I talk to a lot of authors about their writing routines: some are more creative in the early hours; some can write in a busy coffee shop.  What are your writing routines? And what are your hopes and fears?

I have a very simple writing routine: I write in the morning and do whatever else I have to do in the afternoon, and yes, I work in coffee shops! As I’m often working in libraries for my academic research, I love the buzz and the feel of other people conducting their lives around me that you get from a busy café – that’s really the heart and soul of literature, isn’t it? I always set myself a target for the day – usually 700 words – and once I’ve done that I’ll stop and move on to whatever other work needs to be done for the PhD. While I sometimes change the order in which I work, I find the routine and structure helpful and productive to combine my writing and my love of research.

Have you started writing the second book in the trilogy? Can you give us an idea of what we can look forward to?

Yes, certainly! The second book in the Golden Apple trilogy tells the story of Atalanta, a courageous and determined female warrior who sets out on the legendary voyage to capture the Golden Fleece with Jason and the Argonauts. Exposed on a mountainside to die at birth because she wasn’t a boy, Atalanta is determined to prove to her father, the king of Pagasae, that she is worthy to be his heir. There’s more at stake than just the Fleece, though, as Atalanta also has her own kingdom to fight for…

What are you currently reading?

Pompeii by Robert Harris. It’s one of my favourite books and one I re-read at least once every few years! I adore the vividness of the picture he paints of pre-eruption Pompeii, as well as the pace and adrenaline of the plot. Historical fiction on the ancient world at its best!

Thank you to Emily Hauser for taking the time to take part in Meet The Author on a busy publication day. You can find out more about Emily Hauser by visiting her official web site.  Here

The Last Word Review

 A new writing talent arrives with a fresh new take on Homer’s epic masterpiece

 Emily Hauser has taken a fresh new look at Homer’s epic Greek epic Iliad and the siege of Troy, but with a here is a fresh twist on the Greek myth.

The story is based around the Women of Troy namely Krisayis who is the daughter of the Trojan’s high priest and Briseis who is a Princess of the City of Pedasus close to Troy.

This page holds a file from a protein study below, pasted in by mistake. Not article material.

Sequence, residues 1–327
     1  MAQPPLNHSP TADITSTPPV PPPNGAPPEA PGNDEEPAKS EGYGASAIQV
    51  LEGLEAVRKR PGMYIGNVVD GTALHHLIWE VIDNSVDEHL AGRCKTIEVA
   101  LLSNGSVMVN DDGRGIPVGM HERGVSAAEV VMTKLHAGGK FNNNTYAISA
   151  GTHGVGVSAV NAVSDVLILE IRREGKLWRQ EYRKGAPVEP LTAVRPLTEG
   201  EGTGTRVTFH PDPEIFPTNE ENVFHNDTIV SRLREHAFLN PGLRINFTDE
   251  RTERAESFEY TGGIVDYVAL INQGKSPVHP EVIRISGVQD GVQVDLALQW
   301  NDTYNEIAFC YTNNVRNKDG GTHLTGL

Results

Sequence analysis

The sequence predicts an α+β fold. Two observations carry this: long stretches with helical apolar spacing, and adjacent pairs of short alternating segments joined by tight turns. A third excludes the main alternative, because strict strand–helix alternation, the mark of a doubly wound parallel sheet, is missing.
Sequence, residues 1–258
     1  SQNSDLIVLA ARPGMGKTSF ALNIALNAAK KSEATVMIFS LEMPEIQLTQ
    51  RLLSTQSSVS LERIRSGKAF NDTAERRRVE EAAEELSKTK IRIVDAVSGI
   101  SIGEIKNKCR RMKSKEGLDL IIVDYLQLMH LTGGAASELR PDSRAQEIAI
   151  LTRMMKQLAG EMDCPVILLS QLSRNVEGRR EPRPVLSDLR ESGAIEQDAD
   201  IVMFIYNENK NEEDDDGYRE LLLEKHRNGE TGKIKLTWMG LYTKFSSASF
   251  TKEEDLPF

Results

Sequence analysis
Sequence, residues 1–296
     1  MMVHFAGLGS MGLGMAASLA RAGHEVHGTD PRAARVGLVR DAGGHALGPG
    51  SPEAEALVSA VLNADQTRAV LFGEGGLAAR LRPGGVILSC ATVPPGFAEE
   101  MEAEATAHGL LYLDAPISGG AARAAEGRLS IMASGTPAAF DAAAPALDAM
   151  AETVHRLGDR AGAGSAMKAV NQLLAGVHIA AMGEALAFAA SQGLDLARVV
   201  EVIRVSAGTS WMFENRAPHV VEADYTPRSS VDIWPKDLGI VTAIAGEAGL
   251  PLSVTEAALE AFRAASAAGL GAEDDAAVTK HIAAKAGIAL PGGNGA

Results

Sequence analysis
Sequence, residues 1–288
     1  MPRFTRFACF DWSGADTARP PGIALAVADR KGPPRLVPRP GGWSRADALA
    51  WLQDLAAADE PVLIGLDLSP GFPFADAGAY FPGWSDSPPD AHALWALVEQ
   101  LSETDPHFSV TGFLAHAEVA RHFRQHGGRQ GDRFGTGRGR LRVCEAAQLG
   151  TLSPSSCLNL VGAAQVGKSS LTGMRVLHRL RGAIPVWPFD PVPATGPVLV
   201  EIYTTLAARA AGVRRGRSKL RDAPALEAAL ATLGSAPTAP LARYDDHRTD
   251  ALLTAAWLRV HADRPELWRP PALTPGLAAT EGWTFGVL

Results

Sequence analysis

I recall reading Homer’s Iliad nearly 38 years ago and thanks to this I got interested in the classics.  So anyone who has read Iliad knows the story and how the fate of Troy was sealed.

Emily Hauser has written the story through the eyes of the two women of Troy and how they used what power they had to influence the outcome.

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Paperback edition – Available July 2016

For The Most Beautiful is an epic tale in its own right as Hauser tries to describe to the reader how life was living in the shadows of the gods of war. I have to admit that my favourite of the women was Krisayis she is brave and does everything she can to assist the Trojans by learning the Greek plans after she is captured by them.

You always know a good book when you get drawn into the storyline, and what Hauser has done here is to create a new and vibrant retake on the story of Troy not so much a retelling as I don’t think that this is how it comes across. Indeed, within in the interview I have done with Emily Hauser she says ‘It is a story that needed to be told’. For those not familiar with the epic Greek tale there is a handy detailed glossary of names and places at the back of the book. I compliment Hauser’s prose it is peerless. A truly outstanding debut.

For The Most Beautiful is the trilogy and each can be read on their own, and with the second book now underway I am already looking forward to the next instalment.

For The Most Beautiful written by Emily Hauser published by Doubleday. 28 January 2016.

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Competition time. I have a signed copy of For The Most Beautiful to give away in a free prize draw.  Head over to my Twitter page: @Thelastword1962 Just follow and retweet the post for ‘Pinned’ Tweet and you will go into the draw to win a copy of For The Most Beautiful.

* Please note: UK only prize draw. Winning book issued by publisher. Entry closes today 28 January 2016  at 8pm entries after this time will not be included